6. PART II The Central Atlantic Large Igneous Province
    • 9 Introduction
      (pp. 137-140)
      Paul E. Olsen and J. Gregory McHone

      Large igneous provinces (LIPs) comprise enormous edifices of basaltic lava and associated igneous rocks emplaced over a relatively brief time interval (Coffin and Eldholm 1994). Two of the largest terrestrial LIPs, the Siberian Traps (~2.5 × 10⁶ km³) and Deccan Traps (~2.6 × 10⁶ km³), are continental flood basalts associated in time with a mass extinction—the Siberian Traps with the end-Permian extinction at 250 Ma and the Deccan Traps with the end-Cretaceous extinction at 65 Ma (McLean 1985; O’Keefe and Ahrens 1989; Caldeira and Rampino 1990; Courtillot et al. 1994) (figure 9.1). The early Mesozoic basaltic rocks of eastern...

    • 10 Flood Basalt Provinces of the Pangean Atlantic Rift: Regional Extent and Environmental Significance
      (pp. 141-154)
      J. Gregory McHone and John H. Puffer

      The original extent of Hettangian Pangean rift basalts is estimated from maps of feeder dikes and Mesozoic basins that contain remnants of the basalts. Dikes and basalts across the initial Pangean rift zone are correlated by radiometric dates near 200 Ma, stratigraphy of associated basin sediments, and chemical characteristics. Intermediate-Ti quartz-normative tholeiites in northeastern North America and Morocco were derived from large NE-trending dikes that define a northern subprovince over much of modern northeastern North America, northwestern Africa, and the Iberian Peninsula, with an area approximately 2.8 × 10⁶ km². Other quartz and olivine tholeiites comprise 2 × 10⁵ km²...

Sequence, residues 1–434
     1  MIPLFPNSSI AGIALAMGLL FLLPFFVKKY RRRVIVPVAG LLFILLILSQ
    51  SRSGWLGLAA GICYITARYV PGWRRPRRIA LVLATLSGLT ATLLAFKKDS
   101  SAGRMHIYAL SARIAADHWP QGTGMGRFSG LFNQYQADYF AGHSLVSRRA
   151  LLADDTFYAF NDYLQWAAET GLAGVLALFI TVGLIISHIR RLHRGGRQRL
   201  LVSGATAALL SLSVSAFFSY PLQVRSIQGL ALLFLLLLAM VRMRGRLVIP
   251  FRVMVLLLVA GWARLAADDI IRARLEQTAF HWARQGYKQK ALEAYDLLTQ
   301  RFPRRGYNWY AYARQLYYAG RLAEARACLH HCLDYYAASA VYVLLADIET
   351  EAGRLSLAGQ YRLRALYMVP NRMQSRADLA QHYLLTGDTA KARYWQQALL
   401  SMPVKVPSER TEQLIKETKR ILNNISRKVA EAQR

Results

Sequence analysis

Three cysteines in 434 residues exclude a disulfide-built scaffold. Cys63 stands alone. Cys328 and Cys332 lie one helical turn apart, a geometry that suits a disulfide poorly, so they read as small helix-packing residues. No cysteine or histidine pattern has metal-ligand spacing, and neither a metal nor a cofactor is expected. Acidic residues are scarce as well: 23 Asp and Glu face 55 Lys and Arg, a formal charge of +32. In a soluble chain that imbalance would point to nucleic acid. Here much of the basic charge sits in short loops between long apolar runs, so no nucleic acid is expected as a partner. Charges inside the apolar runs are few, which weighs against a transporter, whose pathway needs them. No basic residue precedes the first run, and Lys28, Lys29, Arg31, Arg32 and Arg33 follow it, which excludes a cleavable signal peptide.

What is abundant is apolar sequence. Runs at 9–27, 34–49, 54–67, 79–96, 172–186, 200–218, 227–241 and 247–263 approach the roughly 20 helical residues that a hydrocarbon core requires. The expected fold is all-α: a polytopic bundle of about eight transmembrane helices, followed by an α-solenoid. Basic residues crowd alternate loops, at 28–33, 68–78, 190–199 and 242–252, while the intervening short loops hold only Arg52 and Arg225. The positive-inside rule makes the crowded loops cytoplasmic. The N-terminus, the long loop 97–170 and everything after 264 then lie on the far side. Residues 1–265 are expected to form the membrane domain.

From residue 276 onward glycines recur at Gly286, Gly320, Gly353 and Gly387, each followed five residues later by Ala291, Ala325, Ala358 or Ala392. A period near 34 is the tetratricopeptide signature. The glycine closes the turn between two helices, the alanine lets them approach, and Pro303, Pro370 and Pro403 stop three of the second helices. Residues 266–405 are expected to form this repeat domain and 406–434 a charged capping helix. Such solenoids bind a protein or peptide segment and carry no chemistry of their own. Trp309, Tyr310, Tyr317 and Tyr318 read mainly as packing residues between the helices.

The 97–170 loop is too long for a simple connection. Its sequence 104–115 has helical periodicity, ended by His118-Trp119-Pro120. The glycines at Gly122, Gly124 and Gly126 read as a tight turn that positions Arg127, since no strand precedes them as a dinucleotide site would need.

• 11 Geochemistry and Origin of Pangean and Rodinian Continental Flood Basalts
      (pp. 155-171)
      John H. Puffer

      The rifting of the Pangean supercontinent during the Mesozoic was a rare geologic event. It was preceded, however, by the rifting of the Rodinian supercontinent during the late Proterozoic. In both cases, continental flood basalts (CFBs) were extruded along major portions of intracratonic rifts. With the quantity of geochemical analytical data presently available on a worldwide basis, it now is possible to compare Pangean and Rodinian basalts with each other and with the flood basalts that are not associated with the fragmentation of supercontinents. Such a comparison shows that there are major differences in the composition of most Pangean CFBs...

    • 12 A Geographic Trend for MgO-Standardized Major Oxides in Lower Mesozoic Olivine Tholeiites of the Southeastern United States
      (pp. 172-188)
      Paul C. Ragland, Vincent J. M. Salters and William C. Parker

      A dataset of 325 screened major-oxide analyses from lower Mesozoic, olivine-tholeiitic diabase dikes of the southeastern United States was compiled. These tholeiites are part of the recently recognized ~200 Ma Central Atlantic Magmatic Province (CAMP), a large igneous province found on four circum-Atlantic continents. The data were examined in the light of petrologic considerations, such as degree and depth of melting of a mantle source, as well as with regard to correlations between geographic location and geochemistry. Most of the samples are from the swarm of NW-trending dikes that extends from central Virginia to Alabama. The analyses were standardized to...

    • 13 Evidence for Predominant Lateral Magma Flow Along Major Feeder-Dike Segments of the Eastern North America Swarm Based on Magnetic Fabric
      (pp. 189-206)
      Jelle Zeilinga de Boer, Richard E. Ernst and Andrew G. Lindsey

      Studies of magma flow can be used to test source model hypotheses for giant radiating diabase dike swarms. Long “master” dikes in the eastern North American segment of the 200 Ma circum-Atlantic dike system were sampled, and flow directions were determined using the anisotropy of magnetic susceptibility (AMS) technique. Measurements were made on 215 cores collected at 25 sites distributed along the Higganum-Holden and Christmas Cove dikes of New England. These dikes can be traced for distances of approximately 250 km and 100 km, respectively.

      Chemical and paleomagnetic data suggest that emplacement of these dikes was contemporaneous and that they...

  7. CONTRIBUTORS
    (pp. 207-208)
  8. INDEX
    (pp. 209-214)